A call for a nuanced view of religious leaders
This commentary is the opinion of the author and does not necessarily reflect that of other authors at Box Turtle Bulletin.
January 4th, 2010
Most of us are capable of seeing our coworkers, family, and neighbors as possessing varying degrees of rejection or support.
We know that Aunt Gladys will ask when you’re going to go to Vermont to marry your young man and we appreciate her. But we also know that Uncle Fred will keep his mouth shut but, if asked, will say, “well, any of your special friends are always welcome in my home, but I’m just old fashioned and think a marriage is between a man and a woman”. And Cousin Susan loves you and supports you but really wishes that you were straight because, “the gay life is so much more difficult”.
Somehow we are able to accept Uncle Fred and Cousin Susan and their limitations without denouncing them as vile people. But too often our community views religious leaders through a dichotomous lens; either the minister is a fully supportive political ally, or a hate-filled anti-gay bigot.
But truthfully, most are neither.
Some ministers are fully supportive of political equality, but believe sexual engagement between anyone other that a heterosexually married couple is sinful. Other may be less quick to assign the “sinner” label, but are not comfortable with treating same-sex couples equally in society. Some accept same-sex attraction in their parishioners in the same way they might accept a physical impairment, not necessarily the ideal but also not soul-threatening. Many have never given it much thought at all, believing that homosexuals are like alcoholics or gamblers or those folk who stay home on Sunday so they have no relevance to the church.
Sadly, our community too often has only one description for any of the above: anti-gay.
But this is unfair to them and foolish of us. We can be, at times, too quick to denounce and drive away some who could in the future – or currently on some issues – be incredibly valuable allies if we only would let them.
One such example is in the news today. Joel Osteen, pastor of Houston’s Lakewood Church, gave an opening prayer at the inauguration Annise Parker, the newly elected lesbian mayor of Houston. To some in our community, this seemed unfathomable.
The Advocate opened their article with:
Megachurch pastor Joel Osteen, who ignited a firestorm in November with his comment to The View that gay people were not among “God\’s best,” thanked the heavens on Monday for Annise Parker, the newly inaugurated lesbian mayor of Houston.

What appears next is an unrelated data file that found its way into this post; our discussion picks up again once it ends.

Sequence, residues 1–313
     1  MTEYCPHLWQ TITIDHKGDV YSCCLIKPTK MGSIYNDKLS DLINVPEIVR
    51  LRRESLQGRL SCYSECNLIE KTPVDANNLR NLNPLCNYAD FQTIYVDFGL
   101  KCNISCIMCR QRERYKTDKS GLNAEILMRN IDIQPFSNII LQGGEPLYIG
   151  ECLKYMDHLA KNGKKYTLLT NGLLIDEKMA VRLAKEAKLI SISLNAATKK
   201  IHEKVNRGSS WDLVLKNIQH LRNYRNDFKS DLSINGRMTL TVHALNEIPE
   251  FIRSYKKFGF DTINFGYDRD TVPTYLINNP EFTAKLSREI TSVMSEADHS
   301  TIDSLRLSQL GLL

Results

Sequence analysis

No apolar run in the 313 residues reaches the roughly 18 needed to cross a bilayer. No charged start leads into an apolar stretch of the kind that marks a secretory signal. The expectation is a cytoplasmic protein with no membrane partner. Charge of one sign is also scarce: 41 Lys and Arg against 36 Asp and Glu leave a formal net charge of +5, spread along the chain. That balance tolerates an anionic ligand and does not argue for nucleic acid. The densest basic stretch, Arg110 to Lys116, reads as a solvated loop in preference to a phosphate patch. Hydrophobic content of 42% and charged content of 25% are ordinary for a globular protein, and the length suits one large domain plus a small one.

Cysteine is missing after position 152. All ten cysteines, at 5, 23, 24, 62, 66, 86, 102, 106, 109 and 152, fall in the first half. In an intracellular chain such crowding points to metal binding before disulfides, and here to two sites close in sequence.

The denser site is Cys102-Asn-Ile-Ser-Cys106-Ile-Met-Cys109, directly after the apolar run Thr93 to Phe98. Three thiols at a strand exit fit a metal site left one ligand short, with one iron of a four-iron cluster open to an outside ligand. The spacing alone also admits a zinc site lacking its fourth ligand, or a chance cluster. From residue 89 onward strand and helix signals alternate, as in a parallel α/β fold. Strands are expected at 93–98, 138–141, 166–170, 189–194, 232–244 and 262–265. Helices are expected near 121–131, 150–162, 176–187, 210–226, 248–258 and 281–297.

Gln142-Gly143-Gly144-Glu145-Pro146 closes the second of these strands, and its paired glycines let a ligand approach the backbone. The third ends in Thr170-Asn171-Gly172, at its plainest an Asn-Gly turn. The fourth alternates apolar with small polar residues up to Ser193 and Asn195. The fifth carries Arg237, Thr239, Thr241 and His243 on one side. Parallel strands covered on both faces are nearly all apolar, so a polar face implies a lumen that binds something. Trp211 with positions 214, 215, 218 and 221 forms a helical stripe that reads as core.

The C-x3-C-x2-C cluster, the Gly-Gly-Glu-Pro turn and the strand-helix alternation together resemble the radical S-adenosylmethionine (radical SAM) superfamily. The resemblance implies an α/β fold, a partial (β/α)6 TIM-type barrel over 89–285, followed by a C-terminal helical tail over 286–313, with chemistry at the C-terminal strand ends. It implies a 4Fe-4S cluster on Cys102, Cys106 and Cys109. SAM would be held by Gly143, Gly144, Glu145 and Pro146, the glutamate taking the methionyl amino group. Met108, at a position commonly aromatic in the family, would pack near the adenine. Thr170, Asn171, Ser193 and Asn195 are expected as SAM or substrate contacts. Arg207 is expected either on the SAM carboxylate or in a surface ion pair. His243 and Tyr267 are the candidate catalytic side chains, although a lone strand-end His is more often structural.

Queerty (who calls Osteen a “smiling bigot”) chose:
Unlike Barack Obama’s presidential inauguration, the mayoral inauguration of Houston’s Annise Parker did not include any flubbed lines. Except for for anti-gay ridiculous person Pastor Joel Osteen, at an opening prayer, praising god for “lifting up our new mayor, Annise Parker.”
It seems difficult to find in these paragraphs anything about Osteen that would suggest he’s not a raging homophobe. But whether or not it was intentional, it was definitely sloppy and lacking in thought.
Actually Osteen did not say that gay people were not among God’s best. In response to a question on The View from Whoopie Goldberg about whether gay people were welcome at his church, he responded,
We have ‘Everybody’s Welcome’. Gays and straights and all different religions and they’re all welcome. But, Whoopie, I come back to the, ya know, what I believe the Scripture teaches is that homosexuality is not God’s best. So I come from that value system of the Scripture, I can’t pick and choose. I love everybody, I can’t say that I don’t have friends who are not gay, they’re some of the nicest people in the world.
These are not the words of a hater or a homophobe. And they do seem consistent with Osteen’s past comments. In a 2005 interview with Larry King:
KING: Do you ever involve politics in the sermons?
OSTEEN: Never do. My father never …
KING: Never mention President Bush?
OSTEEN: Well, only to pray. Only to pray. We prayed for President Bush, Clinton, all of them. But I’ve never been political. My father hasn’t. I just, I have no …
KING: How about issues that the church has feelings about? Abortion? Same-sex marriages?
OSTEEN: Yeah. You know what, Larry? I don’t go there. I just …
KING: You have thoughts, though.
OSTEEN: I have thoughts. I just, you know, I don’t think that a same-sex marriage is the way God intended it to be. I don’t think abortion is the best. I think there are other, you know, a better way to live your life. But I’m not going to condemn those people. I tell them all the time our church is open for everybody.
KING: You don’t call them sinners?
OSTEEN: I don’t.
KING: Is that a word you don’t use?
OSTEEN: I don’t use it. I never thought about it. But I probably don’t. But most people already know what they’re doing wrong. When I get them to church I want to tell them that you can change. There can be a difference in your life. So I don’t go down the road of condemning.
I also note that Osteen welcomed Jay Bakker and Soulforce when they came to visit Lakewood Church and was not part of the recent Manhattan Declaration. Yet some in our community seem incapable of distinguishing Osteen’s religious interpretation of Scripture from, say, Ken Hutcherson’s crusade of hatred and bigotry.
I think it would be useful for our community to adopt a more nuanced view of religious leaders. By doing so, we might find ourselves with unexpected allies.
Joel Osteen does not agree with my understanding of Scripture; but his disagreement does not make him a hater or a bigot. And I recognize the value in having a lesbian politician – elected despite her opponent’s religion-based homophobic campaign – being given blessing by the pastor of the largest congregation in the nation.